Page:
Under the assumption that Boris Johnson becomes PM and intends to carry out a no-deal Brexit on the 31st of October, Dominic Grieve has said a number of MPs would be willing to bring down the government.

Former cabinet ministers could be among those who feel they have no choice but to vote down a Boris Johnson administration in order to prevent a no-deal Brexit, Dominic Grieve has said.

Given that one mechanism under discussion for forcing through no-deal against the will of Parliament is proroguing and that calling a General Election also involves proroguing Parliament.

The formal end of a Parliament is called dissolution. Parliament is dissolved automatically 25 working days before a general election. The Fixed-Term Parliaments Act 2011 provides that general elections take place every five years on the first Thursday in May.


Parliament is normally prorogued a few days before dissolution takes place. At prorogation, all parliamentary business ends but Parliament continues to exist until dissolution.

What is the latest date a successful vote of no-confidence could allow time for a General Election and prevent a no-deal Brexit?

  • 3
    Do you wish us to assume that the EU and parliament wouldn't vary the legal time of exit day if a general election were being called?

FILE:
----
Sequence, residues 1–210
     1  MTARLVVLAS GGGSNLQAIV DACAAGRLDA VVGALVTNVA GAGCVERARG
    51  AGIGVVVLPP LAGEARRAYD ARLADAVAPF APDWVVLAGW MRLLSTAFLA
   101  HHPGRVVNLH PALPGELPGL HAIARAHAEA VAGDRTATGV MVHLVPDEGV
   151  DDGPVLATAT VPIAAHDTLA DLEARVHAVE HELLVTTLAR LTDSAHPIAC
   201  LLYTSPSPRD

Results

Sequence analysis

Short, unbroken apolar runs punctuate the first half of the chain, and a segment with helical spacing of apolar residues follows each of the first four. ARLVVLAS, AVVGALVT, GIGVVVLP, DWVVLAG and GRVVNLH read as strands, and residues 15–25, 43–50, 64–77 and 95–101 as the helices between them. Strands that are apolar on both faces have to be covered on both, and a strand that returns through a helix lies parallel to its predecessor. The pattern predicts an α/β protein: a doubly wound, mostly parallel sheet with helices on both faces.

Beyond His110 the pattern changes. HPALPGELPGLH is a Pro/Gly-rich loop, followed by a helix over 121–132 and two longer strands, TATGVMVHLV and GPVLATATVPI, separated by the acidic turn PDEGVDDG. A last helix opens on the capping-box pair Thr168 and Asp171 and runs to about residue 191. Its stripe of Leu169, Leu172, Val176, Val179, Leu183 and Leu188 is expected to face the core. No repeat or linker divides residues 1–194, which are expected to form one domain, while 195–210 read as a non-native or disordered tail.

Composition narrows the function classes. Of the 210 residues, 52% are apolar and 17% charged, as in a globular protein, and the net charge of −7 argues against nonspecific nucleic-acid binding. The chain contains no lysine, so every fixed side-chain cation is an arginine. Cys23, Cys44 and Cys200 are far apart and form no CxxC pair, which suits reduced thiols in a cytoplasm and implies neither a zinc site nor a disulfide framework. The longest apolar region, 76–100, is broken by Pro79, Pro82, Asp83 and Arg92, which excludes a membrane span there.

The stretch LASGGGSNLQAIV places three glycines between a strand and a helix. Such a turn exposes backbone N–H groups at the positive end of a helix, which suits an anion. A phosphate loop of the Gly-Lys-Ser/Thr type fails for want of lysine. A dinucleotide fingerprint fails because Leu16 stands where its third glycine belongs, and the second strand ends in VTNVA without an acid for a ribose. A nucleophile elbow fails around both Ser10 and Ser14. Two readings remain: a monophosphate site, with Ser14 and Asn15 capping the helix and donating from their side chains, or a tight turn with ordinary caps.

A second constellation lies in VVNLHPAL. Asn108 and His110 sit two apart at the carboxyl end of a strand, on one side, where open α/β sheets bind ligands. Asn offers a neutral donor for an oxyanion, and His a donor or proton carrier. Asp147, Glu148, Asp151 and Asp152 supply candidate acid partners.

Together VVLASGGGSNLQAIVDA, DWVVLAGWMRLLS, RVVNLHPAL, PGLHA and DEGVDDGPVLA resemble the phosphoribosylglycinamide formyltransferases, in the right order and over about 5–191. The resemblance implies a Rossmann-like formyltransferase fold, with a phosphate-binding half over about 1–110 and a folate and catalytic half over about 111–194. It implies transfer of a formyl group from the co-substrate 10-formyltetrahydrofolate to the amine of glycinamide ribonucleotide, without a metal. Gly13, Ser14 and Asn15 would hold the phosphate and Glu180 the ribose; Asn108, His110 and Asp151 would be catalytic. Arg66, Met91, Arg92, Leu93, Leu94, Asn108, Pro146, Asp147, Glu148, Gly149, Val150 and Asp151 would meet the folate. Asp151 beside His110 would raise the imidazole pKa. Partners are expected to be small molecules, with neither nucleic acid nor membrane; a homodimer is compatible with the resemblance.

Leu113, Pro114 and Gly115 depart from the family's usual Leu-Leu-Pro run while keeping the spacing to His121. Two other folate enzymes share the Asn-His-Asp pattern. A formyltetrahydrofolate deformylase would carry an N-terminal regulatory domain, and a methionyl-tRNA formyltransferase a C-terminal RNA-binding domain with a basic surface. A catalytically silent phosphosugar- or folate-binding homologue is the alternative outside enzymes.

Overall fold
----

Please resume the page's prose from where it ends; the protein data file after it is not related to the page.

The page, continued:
– origimbo
    Jul 16, 2019 at 12:49
  • @origimbo Yes I think so. After all the reason it would be called would be because the PM wouldn't negotiate an extension. So under worst case scenario that no one is willing to make changes until a new government is in place, when does time run out?
    – Jontia
    Jul 16, 2019 at 12:51
  • Assuming that the EU wouldn't be willing to wait a few days more after they have shown that they are willing to wait half a year more is unrealistic. This makes the question not so useful because the truth is that there is no such exact date. Jul 17, 2019 at 20:29
  • @Trilarion it is not the EU being willing to wait that is the issue,it is the legislation as currently written and the PM being willing to go for no-deal by default.
    – Jontia
    Jul 17, 2019 at 21:08
  • 2